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Jacob

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Just turned this up on the net Woodworking Tools 1600-1900 by Peter C. Welsh - Ebook | Scribd
Iiron planes were being thought of in 1830 well before Stanley.

Screenshot 2022-01-24 at 19.17.49.png
 
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mikej460

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All right, all right, but apart from better sanitation and medicine and education and irrigation and public health and roads and a freshwater system and baths and public order... what have the Romans done for us?

Life of Brian 1979
 

D_W

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Just turned this up on the net Woodworking Tools 1600-1900 by Peter C. Welsh - Ebook | Scribd
Iiron planes were being thought of in 1830 well before Stanley.

View attachment 127821

Has anyone ever made a claim that stanley planes were pioneers in iron planes?

It seems like at the very least, miter planes were cast planes in the 1700s, and the early infills (I'd imagine at least one of mine predates bailey, but have no clue where you find gobs of pictures of crude castings of wedged infills to see if you can match one) were castings.

I've got an old as dirt panel plane that's 2 1/2 inches wide, iron, and less than 7 pounds.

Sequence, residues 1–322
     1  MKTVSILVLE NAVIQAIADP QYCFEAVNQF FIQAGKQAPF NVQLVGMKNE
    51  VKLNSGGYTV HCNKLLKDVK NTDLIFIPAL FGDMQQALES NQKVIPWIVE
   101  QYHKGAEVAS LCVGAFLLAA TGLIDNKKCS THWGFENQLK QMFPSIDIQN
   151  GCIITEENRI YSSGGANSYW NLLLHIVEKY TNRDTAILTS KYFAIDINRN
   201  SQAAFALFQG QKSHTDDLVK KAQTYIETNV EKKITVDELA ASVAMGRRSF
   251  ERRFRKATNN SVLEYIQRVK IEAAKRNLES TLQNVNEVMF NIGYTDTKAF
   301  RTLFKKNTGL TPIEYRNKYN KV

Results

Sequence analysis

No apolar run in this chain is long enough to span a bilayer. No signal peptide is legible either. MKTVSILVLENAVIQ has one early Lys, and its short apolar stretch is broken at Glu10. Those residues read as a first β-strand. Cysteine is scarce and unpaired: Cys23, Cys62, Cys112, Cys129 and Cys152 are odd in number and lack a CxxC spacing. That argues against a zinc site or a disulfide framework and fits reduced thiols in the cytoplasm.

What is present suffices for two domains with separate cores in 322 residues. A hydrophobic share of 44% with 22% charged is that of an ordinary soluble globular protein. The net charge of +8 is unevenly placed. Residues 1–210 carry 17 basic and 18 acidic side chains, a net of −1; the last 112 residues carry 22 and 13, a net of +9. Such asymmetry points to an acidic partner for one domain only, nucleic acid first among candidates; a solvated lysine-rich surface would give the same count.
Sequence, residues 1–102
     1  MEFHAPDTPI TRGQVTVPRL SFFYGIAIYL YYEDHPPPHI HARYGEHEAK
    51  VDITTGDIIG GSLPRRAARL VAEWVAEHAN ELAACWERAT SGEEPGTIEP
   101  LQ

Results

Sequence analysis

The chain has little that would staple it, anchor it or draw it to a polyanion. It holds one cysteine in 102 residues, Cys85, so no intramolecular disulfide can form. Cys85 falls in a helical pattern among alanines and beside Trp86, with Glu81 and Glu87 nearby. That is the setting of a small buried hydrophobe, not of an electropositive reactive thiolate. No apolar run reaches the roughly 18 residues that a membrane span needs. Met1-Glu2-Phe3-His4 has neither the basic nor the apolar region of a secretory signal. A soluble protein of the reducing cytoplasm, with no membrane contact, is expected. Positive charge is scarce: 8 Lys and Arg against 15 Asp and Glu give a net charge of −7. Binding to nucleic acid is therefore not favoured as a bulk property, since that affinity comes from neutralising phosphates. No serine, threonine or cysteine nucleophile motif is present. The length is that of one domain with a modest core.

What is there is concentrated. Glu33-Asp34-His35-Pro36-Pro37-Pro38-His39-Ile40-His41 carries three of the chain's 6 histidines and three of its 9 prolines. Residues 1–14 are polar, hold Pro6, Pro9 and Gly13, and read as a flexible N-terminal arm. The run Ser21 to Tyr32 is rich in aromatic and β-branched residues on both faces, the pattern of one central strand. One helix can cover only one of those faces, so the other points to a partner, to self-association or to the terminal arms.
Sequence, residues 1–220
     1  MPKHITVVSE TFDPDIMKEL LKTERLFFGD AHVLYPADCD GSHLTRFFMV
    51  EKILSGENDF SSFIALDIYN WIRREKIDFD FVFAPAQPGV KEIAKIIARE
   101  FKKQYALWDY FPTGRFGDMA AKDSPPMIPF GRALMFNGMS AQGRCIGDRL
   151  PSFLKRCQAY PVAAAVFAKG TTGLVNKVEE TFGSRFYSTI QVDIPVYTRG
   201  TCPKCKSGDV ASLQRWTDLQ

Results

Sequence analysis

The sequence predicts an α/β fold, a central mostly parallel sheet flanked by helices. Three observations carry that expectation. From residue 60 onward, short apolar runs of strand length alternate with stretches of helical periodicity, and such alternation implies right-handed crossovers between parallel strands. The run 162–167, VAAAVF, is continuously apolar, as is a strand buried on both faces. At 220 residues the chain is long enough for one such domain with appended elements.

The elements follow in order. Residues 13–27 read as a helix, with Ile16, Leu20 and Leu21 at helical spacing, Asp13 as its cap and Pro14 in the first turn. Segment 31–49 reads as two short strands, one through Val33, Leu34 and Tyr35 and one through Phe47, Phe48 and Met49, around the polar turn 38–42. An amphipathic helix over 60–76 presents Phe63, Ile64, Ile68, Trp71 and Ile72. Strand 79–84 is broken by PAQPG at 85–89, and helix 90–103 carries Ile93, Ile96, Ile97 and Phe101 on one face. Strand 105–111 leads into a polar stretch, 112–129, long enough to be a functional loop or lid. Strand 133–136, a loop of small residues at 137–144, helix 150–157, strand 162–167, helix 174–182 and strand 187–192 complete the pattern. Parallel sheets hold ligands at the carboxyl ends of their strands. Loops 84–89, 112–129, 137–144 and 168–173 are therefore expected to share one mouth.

I don't think the dovetailed infills came until later (the castings were first) - i am a maker of planes and by no means a historian, though.

Bailey's innovation was making them inexpensive and useful.
 

IWW

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Has anyone ever made a claim that stanley planes were pioneers in iron planes? ....
..... I don't think the dovetailed infills came until later (the castings were first) - i am a maker of planes and by no means a historian, though ....

Stanley was far from first - there were numerous patents taken out for iron planes before Bailey patented what we now know as a Bailey plane, in 1867. (Well it was close, the production model differed from the patented model by having the depth-adjuster thumbwheel on a horizontal stud instead of a vertical stud).

Stewart Spiers did indeed kick off with a cast body for his infills, in 1840 according to himself. I have not been able to find out excatly when he started dovetailing them, but it seems he was doing so by the early '50s so still well ahead of Lenny & the team at Stanley Rule & Level.

Dovetailed mitre planes were around much earlier - some think as early as the late 1600s, but the earliest model that can be verified is from the first quarter of the 1700s according to my sources.

There are earlier all-metal planes, mainly small instrument-makers types but a couple of smoother-sized continental planes from the 1600s or earlier do exist.

I'm not aware of any Roman planes found with all-metal bodies, the earliest ones found with metal parts (apart from the blade) were shod with iron, riveted to wood "infill" (or ivory in the case of the Goodmanham plane!)

......Bailey's innovation was making them inexpensive and useful....

And Stanley's contribution was marketing! ;)

Cheers,
Ian
 

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